• Wills or trusts are altered suddenly

  • Individuals are being added to accounts in exchange for assurances of continuing treatment

  • The desire of a relative to "save" the money expended on the elder's treatment

  • When a family member has been assigned to pay the bills, the bills go unpaid.

  • Even when the elder can afford it, lifestyle changes such as a deterioration in personal hygiene or a lack of suitable clothing or grooming products still occur


Nursing Home Abuse: Special Considerations


Nursing home workers are the most frequent perpetrators of Nursing Home Violence against their patients. Employers are usually responsible for their workers' actions (a doctrine known as respondent superior), and this principle applies in the sense of elder law.


Many victims of nursing home violence are best served by prosecuting the nursing home itself, which assumes sole responsibility for the actions of its workers, rather than pursuing a cause of action against a particular nursing home employee who is likely to have limited resources.


The Act allows the applicant to prove the following in order to prevail on a charge of physical elder abuse against a nursing home employee's employer:

  • The employer knew about the employee's unfitness ahead of time and hired him or her with a deliberate disregard for others' welfare, the employer approved or ratified the employee's behavior, and the employee engaged in oppressive, dishonest, or malicious behavior.

  • Contact a California nursing home malpractice attorney for more information on taking legal action against nursing homes and the extent to which employers may be held responsible for the actions of their workers.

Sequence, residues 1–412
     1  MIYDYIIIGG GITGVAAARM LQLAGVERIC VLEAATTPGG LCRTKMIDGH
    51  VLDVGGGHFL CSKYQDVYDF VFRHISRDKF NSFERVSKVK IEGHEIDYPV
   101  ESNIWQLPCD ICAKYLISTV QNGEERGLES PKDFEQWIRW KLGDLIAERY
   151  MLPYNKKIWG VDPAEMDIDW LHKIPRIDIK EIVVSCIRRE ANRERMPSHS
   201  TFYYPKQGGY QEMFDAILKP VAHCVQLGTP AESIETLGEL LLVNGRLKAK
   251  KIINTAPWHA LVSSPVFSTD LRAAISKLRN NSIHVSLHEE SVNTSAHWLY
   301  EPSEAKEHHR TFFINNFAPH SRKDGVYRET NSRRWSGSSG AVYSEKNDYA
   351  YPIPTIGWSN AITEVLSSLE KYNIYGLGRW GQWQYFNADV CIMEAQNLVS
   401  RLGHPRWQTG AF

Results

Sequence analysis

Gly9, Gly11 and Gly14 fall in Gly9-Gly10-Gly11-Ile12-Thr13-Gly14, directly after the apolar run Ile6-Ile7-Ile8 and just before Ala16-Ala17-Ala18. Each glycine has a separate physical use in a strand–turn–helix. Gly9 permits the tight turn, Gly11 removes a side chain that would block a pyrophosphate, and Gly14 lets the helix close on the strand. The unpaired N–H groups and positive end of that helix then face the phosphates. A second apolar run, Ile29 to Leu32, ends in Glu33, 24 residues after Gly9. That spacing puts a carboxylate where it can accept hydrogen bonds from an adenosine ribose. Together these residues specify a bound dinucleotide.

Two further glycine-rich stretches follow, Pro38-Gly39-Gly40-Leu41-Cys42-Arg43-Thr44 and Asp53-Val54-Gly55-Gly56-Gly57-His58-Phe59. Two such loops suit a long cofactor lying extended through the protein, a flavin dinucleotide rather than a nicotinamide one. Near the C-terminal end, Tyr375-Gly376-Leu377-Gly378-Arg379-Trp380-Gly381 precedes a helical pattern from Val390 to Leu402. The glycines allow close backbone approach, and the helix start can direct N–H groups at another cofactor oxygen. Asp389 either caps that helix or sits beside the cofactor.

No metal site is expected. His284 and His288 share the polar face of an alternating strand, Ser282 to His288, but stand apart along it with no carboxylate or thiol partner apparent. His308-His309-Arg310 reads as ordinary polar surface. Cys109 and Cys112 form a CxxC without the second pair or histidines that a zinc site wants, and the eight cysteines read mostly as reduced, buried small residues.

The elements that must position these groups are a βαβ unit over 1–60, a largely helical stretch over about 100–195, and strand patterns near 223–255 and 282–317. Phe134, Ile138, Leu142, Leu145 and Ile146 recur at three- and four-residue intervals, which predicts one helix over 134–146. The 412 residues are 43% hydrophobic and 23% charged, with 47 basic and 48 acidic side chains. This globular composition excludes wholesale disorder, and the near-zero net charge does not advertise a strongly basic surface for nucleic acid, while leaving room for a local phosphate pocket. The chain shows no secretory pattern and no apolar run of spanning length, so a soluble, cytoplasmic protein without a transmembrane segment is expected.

That said, not all cases are the same. Your experiences will be unique from everyone else, so it's best to contact a California nursing home malpractice attorney to look over your case and give you the best possible options.


Violence in Nursing Homes Comes in a Number of Ways


The word "nursing home rape" is a broad term that includes a wide range of behaviors. The following are some of the most popular forms of nursing home violence we see:

  1. Physical violence is any action taken against a patient that has the potential to inflict physical harm, such as punching, pinching, scratching, chewing, shoving, or hair pulling. It may also include the use of physical restraints or a deliberate failure to treat an injury.

  2. Sexual exploitation is when someone receives unwanted sexual attention or is abused sexually. Patients who are unable to communicate their wish to be free of such scrutiny, such as those suffering from dementia or other forms of mental incapacitation, are more likely to experience it.

  3. Psychological abuse refers to a wide variety of activities such as shouting, criticizing, gaslighting, insulting, or shaming the patient.

  4. Financial Exploitation occurs when a nursing home employee abuses a patient's financial assets by stealing or otherwise jeopardizing them. Theft of the patient's money or personal belongings, theft from bank accounts, and identity theft are all examples.

  5. Neglect is an indirect type of violence that is often the product of understaffing or insufficient staff training. It happens when nursing home staff refuse to adequately care for their patients, such as failing to feed or bathe them, failing to take them to physical therapy, and failing to respond to patient requests for help.

  6. Resident-to-resident harassment occurs when one resident of a nursing home participates in any of the actions mentioned above against another resident. Despite the fact that this form of harassment does not specifically involve nurses, it can also subject a nursing home to legal responsibility, as nursing home staff have a duty to keep their patients secure.

If your loved one has been exposed to either of these types of harassment or a combination of them, the nursing home has most certainly failed in its duty of care, and you will be entitled to file a complaint.


Violence in nursing homes is becoming more popular. According to recent reports, the United States has over 3.2 million people living in nursing homes and other long-term care residential facilities, with up to 40% of all adults joining a nursing home at some point in their lives. These statistics will only increase as the American population ages. About 40 million people (roughly 13 percent of the population) in the United States were over the age of 65 at the time of the 2010 census, and that figure is predicted to grow to 18 percent in the next 40 years.